As Tajikistan prepares to celebrate the four-year anniversary of the end of its civil war, two separate hostage-taking incidents last week served as a reminder that differences remain between the Tajik government and former opposition forces. RFE/RL correspondent Bruce Pannier reports that the incidents, which ended peacefully on Sunday, may hamper Tajikistan's efforts to lure foreign aid and investment into the country.
Prague, 19 June 2001 (RFE/RL) -- Next week, Tajikistan will mark four years of official peace. On 27 June 1997, the former Soviet republic's two warring factions -- the mainly Islamic United Tajik Opposition (UTO) and the Tajik government, comprised mostly of former Communist Party members -- signed a peace accord ending five years of civil war.
The two sides agreed to share power in the government, provide a general amnesty for anti-government groups and merge their armed forces into a unified Tajik Army. But last week, echoes of the old conflict were again felt in Tajikistan. In two separate incidents, former UTO fighters took hostages, including some foreign nationals, demanding the release of their comrades in prison in exchange for the hostages' safe return.
Both crises ended with no reported casualties. But the incidents underscore the fact that the country's peace process remains fragile.
Mansur Muakkalov was among the hostage-takers. His group, operating under the command of former UTO field commander Rahmon Sanginov, on 11 June took more than 10 people hostage -- including several policemen -- several kilometers outside the Tajik capital Dushanbe. Speaking Monday at a press conference in Dushanbe, Muakkalov explained the reason behind the hostage-taking:
"The main cause of the hostages being taken is that many of our comrades have been arrested and they [Tajik law enforcement authorities] asked $2,000 to $3,000 to free them. We have no money, so we are forced to take hostages."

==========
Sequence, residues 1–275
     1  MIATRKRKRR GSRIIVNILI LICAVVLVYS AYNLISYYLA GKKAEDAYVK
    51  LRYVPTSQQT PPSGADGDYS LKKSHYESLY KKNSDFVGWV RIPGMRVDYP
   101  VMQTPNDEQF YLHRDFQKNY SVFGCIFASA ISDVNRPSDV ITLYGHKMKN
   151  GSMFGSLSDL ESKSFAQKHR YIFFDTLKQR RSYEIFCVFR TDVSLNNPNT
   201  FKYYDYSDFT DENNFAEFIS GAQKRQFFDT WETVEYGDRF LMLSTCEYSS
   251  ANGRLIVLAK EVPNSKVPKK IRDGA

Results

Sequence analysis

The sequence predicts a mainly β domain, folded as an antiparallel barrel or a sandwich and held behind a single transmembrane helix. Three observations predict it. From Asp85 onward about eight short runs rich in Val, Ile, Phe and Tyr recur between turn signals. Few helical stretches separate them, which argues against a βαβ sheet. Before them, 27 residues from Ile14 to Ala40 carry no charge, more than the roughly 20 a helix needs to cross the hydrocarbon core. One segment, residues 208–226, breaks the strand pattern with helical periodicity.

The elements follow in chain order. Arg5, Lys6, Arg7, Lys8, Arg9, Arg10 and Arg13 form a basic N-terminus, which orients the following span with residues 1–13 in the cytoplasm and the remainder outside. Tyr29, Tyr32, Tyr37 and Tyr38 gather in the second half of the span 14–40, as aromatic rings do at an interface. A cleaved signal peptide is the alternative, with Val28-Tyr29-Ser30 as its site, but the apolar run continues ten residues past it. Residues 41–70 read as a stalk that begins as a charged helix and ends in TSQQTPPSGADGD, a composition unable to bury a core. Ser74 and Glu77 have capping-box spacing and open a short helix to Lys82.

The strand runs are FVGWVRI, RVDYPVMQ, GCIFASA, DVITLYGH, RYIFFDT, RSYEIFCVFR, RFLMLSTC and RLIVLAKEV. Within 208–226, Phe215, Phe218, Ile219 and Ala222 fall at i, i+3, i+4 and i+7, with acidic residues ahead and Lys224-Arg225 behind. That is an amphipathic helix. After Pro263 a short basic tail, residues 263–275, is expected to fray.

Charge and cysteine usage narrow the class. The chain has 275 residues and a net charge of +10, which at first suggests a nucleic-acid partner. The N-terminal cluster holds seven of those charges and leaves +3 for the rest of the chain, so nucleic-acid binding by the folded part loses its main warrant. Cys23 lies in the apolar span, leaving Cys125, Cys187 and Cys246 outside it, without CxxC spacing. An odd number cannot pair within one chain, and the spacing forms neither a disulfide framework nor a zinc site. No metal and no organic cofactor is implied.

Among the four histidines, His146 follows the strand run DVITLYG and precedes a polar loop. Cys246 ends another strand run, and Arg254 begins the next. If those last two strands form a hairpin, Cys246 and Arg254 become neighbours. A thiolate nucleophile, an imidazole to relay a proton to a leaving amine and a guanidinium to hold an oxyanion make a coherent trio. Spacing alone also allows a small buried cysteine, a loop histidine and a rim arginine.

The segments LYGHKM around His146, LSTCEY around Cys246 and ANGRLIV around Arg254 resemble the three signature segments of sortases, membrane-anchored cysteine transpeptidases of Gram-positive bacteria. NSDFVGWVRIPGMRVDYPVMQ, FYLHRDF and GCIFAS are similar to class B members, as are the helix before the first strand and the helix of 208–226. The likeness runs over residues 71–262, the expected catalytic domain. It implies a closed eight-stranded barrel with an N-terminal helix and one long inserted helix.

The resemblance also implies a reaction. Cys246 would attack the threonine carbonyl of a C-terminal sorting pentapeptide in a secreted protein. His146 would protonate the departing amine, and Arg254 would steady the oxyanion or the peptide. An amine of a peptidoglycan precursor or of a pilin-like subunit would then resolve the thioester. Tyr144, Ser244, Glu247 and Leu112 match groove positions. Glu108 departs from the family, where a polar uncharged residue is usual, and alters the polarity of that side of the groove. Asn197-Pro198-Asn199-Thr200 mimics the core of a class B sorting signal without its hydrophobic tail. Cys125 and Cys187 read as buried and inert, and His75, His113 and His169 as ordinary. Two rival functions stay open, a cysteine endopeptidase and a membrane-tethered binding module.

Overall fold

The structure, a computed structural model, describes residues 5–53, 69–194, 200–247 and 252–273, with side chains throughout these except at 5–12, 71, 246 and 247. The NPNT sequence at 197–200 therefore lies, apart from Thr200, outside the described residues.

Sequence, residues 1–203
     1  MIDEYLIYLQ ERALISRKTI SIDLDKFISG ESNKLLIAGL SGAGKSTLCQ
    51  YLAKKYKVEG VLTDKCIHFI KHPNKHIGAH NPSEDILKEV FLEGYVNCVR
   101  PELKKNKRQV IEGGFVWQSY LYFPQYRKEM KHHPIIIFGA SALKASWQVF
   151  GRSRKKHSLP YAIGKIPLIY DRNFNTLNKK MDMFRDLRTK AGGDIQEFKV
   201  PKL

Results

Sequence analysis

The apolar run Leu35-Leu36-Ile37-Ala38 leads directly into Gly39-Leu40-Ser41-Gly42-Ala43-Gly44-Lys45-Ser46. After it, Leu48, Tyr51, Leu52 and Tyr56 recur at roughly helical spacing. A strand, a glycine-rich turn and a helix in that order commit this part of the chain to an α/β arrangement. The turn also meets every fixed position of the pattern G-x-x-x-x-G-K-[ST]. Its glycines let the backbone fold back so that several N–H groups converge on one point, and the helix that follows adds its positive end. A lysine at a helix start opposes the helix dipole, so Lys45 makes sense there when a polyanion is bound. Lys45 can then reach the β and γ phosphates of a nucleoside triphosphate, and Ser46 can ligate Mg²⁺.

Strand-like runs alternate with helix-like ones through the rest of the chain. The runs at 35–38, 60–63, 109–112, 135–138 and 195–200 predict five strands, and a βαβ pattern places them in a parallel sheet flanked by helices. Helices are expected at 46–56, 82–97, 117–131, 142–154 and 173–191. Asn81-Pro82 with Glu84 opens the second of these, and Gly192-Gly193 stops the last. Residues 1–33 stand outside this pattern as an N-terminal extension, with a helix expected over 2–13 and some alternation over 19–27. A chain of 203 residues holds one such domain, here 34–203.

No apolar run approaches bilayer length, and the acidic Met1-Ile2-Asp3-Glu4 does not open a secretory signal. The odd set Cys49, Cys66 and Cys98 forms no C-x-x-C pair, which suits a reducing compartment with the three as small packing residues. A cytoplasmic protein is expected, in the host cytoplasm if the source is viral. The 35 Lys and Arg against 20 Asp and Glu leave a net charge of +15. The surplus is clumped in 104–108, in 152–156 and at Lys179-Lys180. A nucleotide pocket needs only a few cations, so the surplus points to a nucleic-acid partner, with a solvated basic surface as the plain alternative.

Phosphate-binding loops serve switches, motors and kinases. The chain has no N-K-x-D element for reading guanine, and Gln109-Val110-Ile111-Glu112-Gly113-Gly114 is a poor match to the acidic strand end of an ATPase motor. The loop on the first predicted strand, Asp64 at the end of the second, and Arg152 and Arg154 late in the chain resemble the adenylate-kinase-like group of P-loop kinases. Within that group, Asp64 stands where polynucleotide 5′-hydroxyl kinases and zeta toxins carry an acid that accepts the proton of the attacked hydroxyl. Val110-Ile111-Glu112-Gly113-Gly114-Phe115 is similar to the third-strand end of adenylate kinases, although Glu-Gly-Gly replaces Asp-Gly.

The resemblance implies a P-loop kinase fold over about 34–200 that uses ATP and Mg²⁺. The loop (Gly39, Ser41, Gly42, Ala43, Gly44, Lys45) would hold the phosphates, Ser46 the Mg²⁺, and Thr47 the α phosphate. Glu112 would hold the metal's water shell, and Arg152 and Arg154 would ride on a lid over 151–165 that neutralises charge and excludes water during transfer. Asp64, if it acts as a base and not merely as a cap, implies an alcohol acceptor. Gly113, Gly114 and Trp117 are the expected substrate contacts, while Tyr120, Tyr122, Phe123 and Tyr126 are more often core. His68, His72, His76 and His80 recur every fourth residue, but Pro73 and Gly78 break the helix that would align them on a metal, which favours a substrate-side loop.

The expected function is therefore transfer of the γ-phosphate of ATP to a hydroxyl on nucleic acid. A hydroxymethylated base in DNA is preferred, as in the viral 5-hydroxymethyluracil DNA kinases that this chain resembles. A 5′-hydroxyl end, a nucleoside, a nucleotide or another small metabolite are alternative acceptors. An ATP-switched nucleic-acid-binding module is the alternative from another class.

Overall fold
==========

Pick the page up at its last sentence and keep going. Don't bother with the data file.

On 15 June, another group of former UTO fighters -- under the command of Said Akhmatov -- took a second group of hostages in the Tavil-Dara region, some 180 kilometers east of Dushanbe. Akhmatov's group captured 15 workers -- including three Germans and one U.S. citizen -- from the German non-governmental organization Agro Action. The hostage-takers reiterated the demand that their comrades be released from prison.
Both incidents ended Sunday, with the hostages being released without amnesty being granted to the prisoners. On 18 June, former UTO field commander Sanginov said both incidents showed that there are still many in Tajikistan who are dissatisfied with the progress of the peace deal:
"We took the hostages, and freed them, to show the government that we are not only from one place, but from all regions [of the country] and can raise others [to do the same]. But we ask the government to keep its word and fulfill the amnesty. We are on the side of peace, we want peace. We have families, we are Muslims -- but the government must implement a peace which will not cause us harm."
Sanginov's complaints of unfair treatment by authorities are echoed by many among the former UTO. But his plea for amnesty appears unfounded.
The general amnesty agreed to at the end of the civil war covers crimes that could naturally occur during wartime. The prisoners whose freedom the hostage-takers were hoping to secure, however, are not in custody for crimes committed during the civil war. They are suspects in the murder of Tajik Deputy Interior Minister Habib Sanginov (no relation to the UTO field commander), who was shot and killed two months ago in Dushanbe.
Last week's hostage incident shows the Tajik government and their former opposition have a long way to go before the country can truly be considered one nation. Similar acts of violence were frequent following the end of the civil war, but the situation appeared to improve after parliamentary elections in February 2000.
The resolution of last week's crisis, in fact, indicates that the two sides are no longer so strictly divided. Two former UTO members -- Tajik Emergency Situations Minister Mirzo Ziyoyev and Deputy Prime Minister Hoja Akbar -- participated in the release of the hostages.
The Tajik Interior Ministry has said it is investigating the incident and may eventually file charges. But the event may further damage Tajikistan's already shaky reputation with the foreign business community. Germany's Agro Action has already said it needs to review its work in Tavil-Dara, where it was helping the area's farming industry recover from damage sustained during the civil war. Other companies in Dushanbe may be anxious about the security of their own foreign workers, where Sanginov's group may continue to operate, with little apparent censure from the government.